In Williamson County, teenagers who plead "guilty" or "no contest" to smaller crimes are being sentenced by their peers.
Teen court offers these teenagers options when it comes to their penalty phase and it also prevents anything from going on their permanent record
Take a closer look at this Williamson County courtroom. The prosecutor, defense attorney, even the judge, they're all teenagers.
"Some of these cases are really crazy, so it's going to be hard not to laugh," said 10th grader Laura King.
King plays the role of defense attorney during this teen court training. On February 18th, four real cases will be heard and a punishment handed down in the form of community service hours in Precinct 3.
"It's those little things that can slowly send you down that path and that's not anywhere that any juvenile should go," said King
Once a teen has pled guilty or "no contest" to a Class C Misdemeanor, a jury of their peers will decide their punishment, which can range from 10 hours of community service and a term as a jury member, all the way up to 50 hours, two terms on the jury and an educational class.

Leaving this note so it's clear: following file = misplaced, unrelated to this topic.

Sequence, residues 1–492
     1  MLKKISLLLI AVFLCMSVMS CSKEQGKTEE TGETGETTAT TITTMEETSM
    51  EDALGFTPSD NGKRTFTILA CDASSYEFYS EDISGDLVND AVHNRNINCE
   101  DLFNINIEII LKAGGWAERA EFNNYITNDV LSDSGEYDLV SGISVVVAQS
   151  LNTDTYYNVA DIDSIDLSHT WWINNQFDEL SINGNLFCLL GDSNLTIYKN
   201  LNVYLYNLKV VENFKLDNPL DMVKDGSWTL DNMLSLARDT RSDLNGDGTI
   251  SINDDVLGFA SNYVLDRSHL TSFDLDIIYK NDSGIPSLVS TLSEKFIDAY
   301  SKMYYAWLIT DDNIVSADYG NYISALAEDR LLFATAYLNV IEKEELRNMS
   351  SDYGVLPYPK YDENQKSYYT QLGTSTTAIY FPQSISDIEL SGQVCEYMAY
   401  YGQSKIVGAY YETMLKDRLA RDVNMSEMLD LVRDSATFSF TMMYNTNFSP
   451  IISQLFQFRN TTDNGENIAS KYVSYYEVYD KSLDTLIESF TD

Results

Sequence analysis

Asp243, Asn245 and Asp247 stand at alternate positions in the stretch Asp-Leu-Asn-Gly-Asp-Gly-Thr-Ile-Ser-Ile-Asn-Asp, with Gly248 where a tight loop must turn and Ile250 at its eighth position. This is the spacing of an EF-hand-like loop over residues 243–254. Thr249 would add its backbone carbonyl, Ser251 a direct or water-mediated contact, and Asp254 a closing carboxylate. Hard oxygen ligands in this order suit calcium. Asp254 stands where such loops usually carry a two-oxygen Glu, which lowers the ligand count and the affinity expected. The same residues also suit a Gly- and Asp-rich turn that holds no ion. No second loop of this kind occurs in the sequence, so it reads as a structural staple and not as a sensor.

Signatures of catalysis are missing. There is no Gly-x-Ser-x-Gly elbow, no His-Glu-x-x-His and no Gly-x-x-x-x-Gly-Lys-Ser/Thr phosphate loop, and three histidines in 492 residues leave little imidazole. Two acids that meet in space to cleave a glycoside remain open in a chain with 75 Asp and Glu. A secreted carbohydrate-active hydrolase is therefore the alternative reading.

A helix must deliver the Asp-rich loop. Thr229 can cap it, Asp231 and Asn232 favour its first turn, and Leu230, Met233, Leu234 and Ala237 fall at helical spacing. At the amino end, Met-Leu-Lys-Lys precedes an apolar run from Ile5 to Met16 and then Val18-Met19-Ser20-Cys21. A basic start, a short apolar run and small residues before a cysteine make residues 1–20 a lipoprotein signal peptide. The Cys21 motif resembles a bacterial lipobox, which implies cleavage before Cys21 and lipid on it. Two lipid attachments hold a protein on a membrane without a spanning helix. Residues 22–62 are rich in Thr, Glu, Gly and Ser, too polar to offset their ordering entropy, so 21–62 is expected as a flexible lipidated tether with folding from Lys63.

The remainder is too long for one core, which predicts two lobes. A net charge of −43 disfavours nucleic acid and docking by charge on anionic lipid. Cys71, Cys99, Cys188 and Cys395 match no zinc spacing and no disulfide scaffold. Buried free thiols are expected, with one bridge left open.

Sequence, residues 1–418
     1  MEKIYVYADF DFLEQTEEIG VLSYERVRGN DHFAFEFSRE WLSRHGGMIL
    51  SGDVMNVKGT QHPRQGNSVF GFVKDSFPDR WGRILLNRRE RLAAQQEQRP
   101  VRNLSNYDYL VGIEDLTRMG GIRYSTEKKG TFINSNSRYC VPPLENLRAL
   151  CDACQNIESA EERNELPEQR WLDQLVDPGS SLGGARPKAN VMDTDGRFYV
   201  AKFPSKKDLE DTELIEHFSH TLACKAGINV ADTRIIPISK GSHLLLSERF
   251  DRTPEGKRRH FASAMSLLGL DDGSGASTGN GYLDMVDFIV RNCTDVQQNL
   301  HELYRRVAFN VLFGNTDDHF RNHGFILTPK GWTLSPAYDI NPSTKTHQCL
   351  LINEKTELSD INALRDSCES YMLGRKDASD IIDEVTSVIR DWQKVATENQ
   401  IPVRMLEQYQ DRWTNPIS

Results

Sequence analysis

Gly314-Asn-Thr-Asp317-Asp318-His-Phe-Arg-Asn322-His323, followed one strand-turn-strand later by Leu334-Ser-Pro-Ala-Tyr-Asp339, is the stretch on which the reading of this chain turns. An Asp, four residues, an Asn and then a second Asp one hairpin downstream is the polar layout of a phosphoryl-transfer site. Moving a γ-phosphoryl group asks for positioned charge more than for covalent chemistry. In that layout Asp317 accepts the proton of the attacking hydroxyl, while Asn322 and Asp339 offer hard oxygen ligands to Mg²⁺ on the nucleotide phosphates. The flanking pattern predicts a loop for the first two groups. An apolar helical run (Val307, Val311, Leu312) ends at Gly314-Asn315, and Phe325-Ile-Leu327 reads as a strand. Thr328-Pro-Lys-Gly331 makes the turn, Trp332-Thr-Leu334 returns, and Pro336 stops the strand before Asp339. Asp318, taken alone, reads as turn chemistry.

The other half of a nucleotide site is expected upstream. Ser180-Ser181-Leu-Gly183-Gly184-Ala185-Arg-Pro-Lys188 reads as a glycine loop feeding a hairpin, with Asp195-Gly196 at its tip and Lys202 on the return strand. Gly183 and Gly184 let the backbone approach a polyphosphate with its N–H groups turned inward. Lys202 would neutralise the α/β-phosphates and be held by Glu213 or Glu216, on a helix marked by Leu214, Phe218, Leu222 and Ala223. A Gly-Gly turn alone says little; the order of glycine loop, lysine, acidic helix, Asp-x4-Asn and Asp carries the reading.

"The great part of Teen Court is that it's all wiped off your record," said PRECINCT 3 Justice of the Peace, Judge Bill Gravell Jr. "What we don't need are teenagers who are 21, 22, 23, trying to go off to college and get into the work world that have a criminal offense from when they're16 years old."
Teen court will hear everything from disorderly conduct, to cases where a minor is in possession of alcohol.
"Once it's on your record, that something you're going to carry with you for the rest of your life," said King
Law enforcement and legal profession adult volunteers monitor and advise teen court, but the kids are doing all the work.
"Just because we aren't adults, it doesn't mean that we can't take our roles seriously in society," said King.
This is part of the national teen court program. Precinct 2 has already been doing teen court fort several years, with great success.